Update (12:30 pm ET): The backlash to Carrie Lam’s “anti-mask law” intensified late in the Hong Kong evening, resulting in the entire MTR public transit network being closed down. Protesters are preparing what would be an ‘illegal’ demonstration on Saturday as they march from Causeway Bay into down town.
From 1 pm on Saturday through the end of the day, airport-bound Express trains will be the only trains running. They will travel from Hong Kong station to Hong Kong International Airport.
The organizers of the protest are encouraging demonstrators to wear Halloween masks in a show of defiance. However, legal experts familiar with Hong Kong’s colonial-era laws said the edict will likely be extraordinarily difficult to enforce, and that a challenge in the courts could result in the ban being thrown out.
As midnight approached on Friday, HK’s High Court was still hearing two activists’ applications to have the “anti-mask” law thrown out. Counsel for the government insisted that Lam had already explained the need for the law: To combat escalating public violence associated with the demonstrations.
Ultimately, the bid to temporarily suspend the law failed, as the judges declined to grant a temporary suspension, which had been requested by protesters.
Though once again as Friday night faded into Saturday morning, protests in HK turned violent, as one group set fire to a China Travel Services branch in Sha Tin.
— SCMP Hong Kong (@SCMPHongKong) October 4, 2019
Per SCMP, several rounds of tear gas were fired by HK police in Aberdeen, marking what’s believed to be the first time that tear gas was fired in the southern district since the protests began.
Meanwhile, the Tin Fu Light Rail stop in Tin Shui Wai has been set on fire (one reason why the MTR was shut down).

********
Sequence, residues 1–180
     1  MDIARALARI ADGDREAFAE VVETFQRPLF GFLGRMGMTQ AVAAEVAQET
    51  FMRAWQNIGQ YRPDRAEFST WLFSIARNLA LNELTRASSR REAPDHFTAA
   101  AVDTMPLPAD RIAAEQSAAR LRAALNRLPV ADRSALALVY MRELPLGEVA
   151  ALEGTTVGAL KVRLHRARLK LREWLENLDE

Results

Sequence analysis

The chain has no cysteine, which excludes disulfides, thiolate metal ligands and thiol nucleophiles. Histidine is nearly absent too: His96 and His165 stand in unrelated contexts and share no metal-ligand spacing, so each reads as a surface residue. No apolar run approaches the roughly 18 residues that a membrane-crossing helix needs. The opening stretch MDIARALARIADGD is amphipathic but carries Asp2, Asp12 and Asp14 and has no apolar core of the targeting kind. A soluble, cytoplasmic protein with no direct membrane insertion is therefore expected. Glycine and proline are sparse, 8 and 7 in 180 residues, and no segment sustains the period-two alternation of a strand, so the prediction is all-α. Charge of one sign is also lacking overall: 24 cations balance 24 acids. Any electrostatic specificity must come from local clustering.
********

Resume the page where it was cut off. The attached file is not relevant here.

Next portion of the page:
Though as of 11:30 pm local time, most protesters who had gathered near the corner of Hennessy Road and Johnston Road near the border of Wan Chai and Admiralty had left the area. Those who didn’t leave voluntarily were reportedly threatened by police, who warned that protesters lingering around Lung Cheung Road must either leave or risk being sprayed with tear gas and rubber bullets.
A few dozen refused to move, and became embroiled in another skirmish with police.
As the chaos worsened, medical personnel confirmed to the SCMP that a 14-year-old protester had been shot with live ammunition, presumably by an officer, though the paper hesitated to confirm as much.
And shortly before midnight, a video taken earlier in the day emerged online purporting to show the moment that a plain-clothes police officer was attacked by protesters. The assailants even went so far as to throw a petrol bomb at the officer, mirroring circumstances that prompted HK police to shoot a teenage demonstrator earlier this week.
A clip online shows a police officer being attacked by protesters. A petrol bomb was thrown at him and his shoes were briefly on fire. He dropped his gun as he got away.
As a protester tried to grab the gun, the officer rushed at him and kicked it aside.
Source: Online video pic.twitter.com/PnPavQiZp4
— SCMP Hong Kong (@SCMPHongKong) October 4, 2019
The attack took place in Yuen Long, but it wasn’t the only assault on a police officer as the protests escalated late Friday into Saturday morning.
HK Police said in a statement that an officer was forced to fire a live round as a large group of protesters encircled him.
“The officer fell to the ground, he fired one shot as his life was under serious threat,” it said. The officer caught fire twice due to petrol bombs being thrown at him. In the statement, the police condemned “rioters for attacking officers and risking the lives of others.”
The officer’s magazine got lost in the struggle, prompting the police to ask the public for its swift return.